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C4iSR: Joint & Common Equipment

China’s CETC details latest SLC-2E weapon locating radar

01 November 2017

State-owned electronics and radar systems developer China Electronics Technology Group Corporation (CETC) has completed development of an updated variant of its S-band phased array SLC-2 weapon locating radar (WLR) system and is in advanced discussions with a number of potential export customers in the Asia Pacific, Central Asia, and the Middle East, Jane's sources have revealed.SLC-2E long range weapon locating radar prototype seen with its antenna deployed at Airshow China 2016. (IHS Markit/Kelvin Wong)SLC-2E long range weapon locating radar prototype seen with its antenna deployed at Airshow China 2016. (IHS Markit/Kelvin Wong)

The latest SLC-2E system, developed by CETC’s Nanjing Research Institute of Electronics Technology (NRIET) business unit, is described by the company as a long-range multifunction WLR system. In contrast to the original model, the 2E variant is not only designed to support counter-battery missions against hostile artillery, rockets, and surface-to-surface missile systems, but also detect airborne threats with a dedicated air defence mode.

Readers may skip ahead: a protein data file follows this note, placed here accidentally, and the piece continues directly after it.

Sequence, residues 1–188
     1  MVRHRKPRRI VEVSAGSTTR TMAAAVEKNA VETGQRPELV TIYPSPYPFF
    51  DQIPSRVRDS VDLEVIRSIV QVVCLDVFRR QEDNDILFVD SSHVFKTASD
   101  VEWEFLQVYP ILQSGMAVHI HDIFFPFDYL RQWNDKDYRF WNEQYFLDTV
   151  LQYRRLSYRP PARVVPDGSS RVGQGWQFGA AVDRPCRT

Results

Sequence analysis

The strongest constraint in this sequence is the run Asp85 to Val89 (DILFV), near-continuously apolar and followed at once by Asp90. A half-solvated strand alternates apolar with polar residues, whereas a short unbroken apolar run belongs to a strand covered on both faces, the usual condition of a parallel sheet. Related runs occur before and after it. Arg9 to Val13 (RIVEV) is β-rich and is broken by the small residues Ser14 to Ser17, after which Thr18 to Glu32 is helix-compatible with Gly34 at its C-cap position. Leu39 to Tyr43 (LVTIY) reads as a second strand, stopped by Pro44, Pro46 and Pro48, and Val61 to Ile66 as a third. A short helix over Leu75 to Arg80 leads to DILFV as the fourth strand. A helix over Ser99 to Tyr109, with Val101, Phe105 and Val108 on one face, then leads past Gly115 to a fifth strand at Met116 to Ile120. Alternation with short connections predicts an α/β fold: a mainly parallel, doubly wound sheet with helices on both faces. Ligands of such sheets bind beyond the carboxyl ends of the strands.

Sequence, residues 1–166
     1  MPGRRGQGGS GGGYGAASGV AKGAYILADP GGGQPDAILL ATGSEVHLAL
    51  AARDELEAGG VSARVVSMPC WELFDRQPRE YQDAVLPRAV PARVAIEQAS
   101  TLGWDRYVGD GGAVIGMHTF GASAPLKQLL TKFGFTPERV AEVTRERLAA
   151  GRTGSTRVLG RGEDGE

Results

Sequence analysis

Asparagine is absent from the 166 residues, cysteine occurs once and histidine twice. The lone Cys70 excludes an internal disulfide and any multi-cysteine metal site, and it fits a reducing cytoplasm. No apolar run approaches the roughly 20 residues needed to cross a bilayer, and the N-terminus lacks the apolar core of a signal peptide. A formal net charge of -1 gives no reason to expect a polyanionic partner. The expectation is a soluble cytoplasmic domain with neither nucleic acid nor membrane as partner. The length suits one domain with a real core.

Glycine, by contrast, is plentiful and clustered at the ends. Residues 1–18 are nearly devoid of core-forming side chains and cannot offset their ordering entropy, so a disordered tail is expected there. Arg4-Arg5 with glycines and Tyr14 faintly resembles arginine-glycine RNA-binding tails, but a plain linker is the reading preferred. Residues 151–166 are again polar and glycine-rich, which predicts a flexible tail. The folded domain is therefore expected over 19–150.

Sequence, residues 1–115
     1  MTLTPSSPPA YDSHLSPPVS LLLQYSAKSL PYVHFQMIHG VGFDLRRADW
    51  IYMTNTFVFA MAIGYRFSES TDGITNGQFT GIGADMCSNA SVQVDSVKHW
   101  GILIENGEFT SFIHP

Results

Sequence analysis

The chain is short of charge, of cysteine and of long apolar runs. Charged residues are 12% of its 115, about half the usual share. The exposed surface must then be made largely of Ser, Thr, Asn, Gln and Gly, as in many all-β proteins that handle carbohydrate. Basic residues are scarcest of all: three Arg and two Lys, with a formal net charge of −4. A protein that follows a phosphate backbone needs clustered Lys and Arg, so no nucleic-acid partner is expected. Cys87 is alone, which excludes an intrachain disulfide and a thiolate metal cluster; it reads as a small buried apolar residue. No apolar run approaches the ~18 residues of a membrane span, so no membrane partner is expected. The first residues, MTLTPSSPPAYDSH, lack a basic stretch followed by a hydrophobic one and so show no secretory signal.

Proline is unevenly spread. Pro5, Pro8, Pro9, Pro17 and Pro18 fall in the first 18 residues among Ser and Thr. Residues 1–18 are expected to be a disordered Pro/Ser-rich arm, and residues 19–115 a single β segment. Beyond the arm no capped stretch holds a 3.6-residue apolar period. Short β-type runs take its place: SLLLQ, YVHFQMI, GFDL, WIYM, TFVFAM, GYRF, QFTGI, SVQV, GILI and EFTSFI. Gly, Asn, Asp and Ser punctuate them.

A complete SLC-2E system comprises a control cabin with associated processing equipment, on-board power supply, and the radar transmitter. A prototype based on a 6×6 Beiben truck chassis was earlier unveiled at the Airshow China 2016 exhibition.

According to specifications provided by CETC, the SLC-2E system employs solid state, fully digital, active phased array technology that is capable of detecting inbound 155 mm calibre artillery rounds and 300 mm calibre rockets at distances in excess of 50 km and 90 km respectively.

This represents a performance increase in terms of stated detection range of 42% for artillery rounds and 80% for rockets over the earlier model.

In counter-battery mode, the SLC-2E system adopts a fixed position facing the direction of the threat with the antenna mechanically elevated from 0° to 90°. The radar is capable of electronically scanning a space that is +/- 45° in azimuth and 35° in elevation. The company claims that up to 10 targets can be located and tracked simultaneously.

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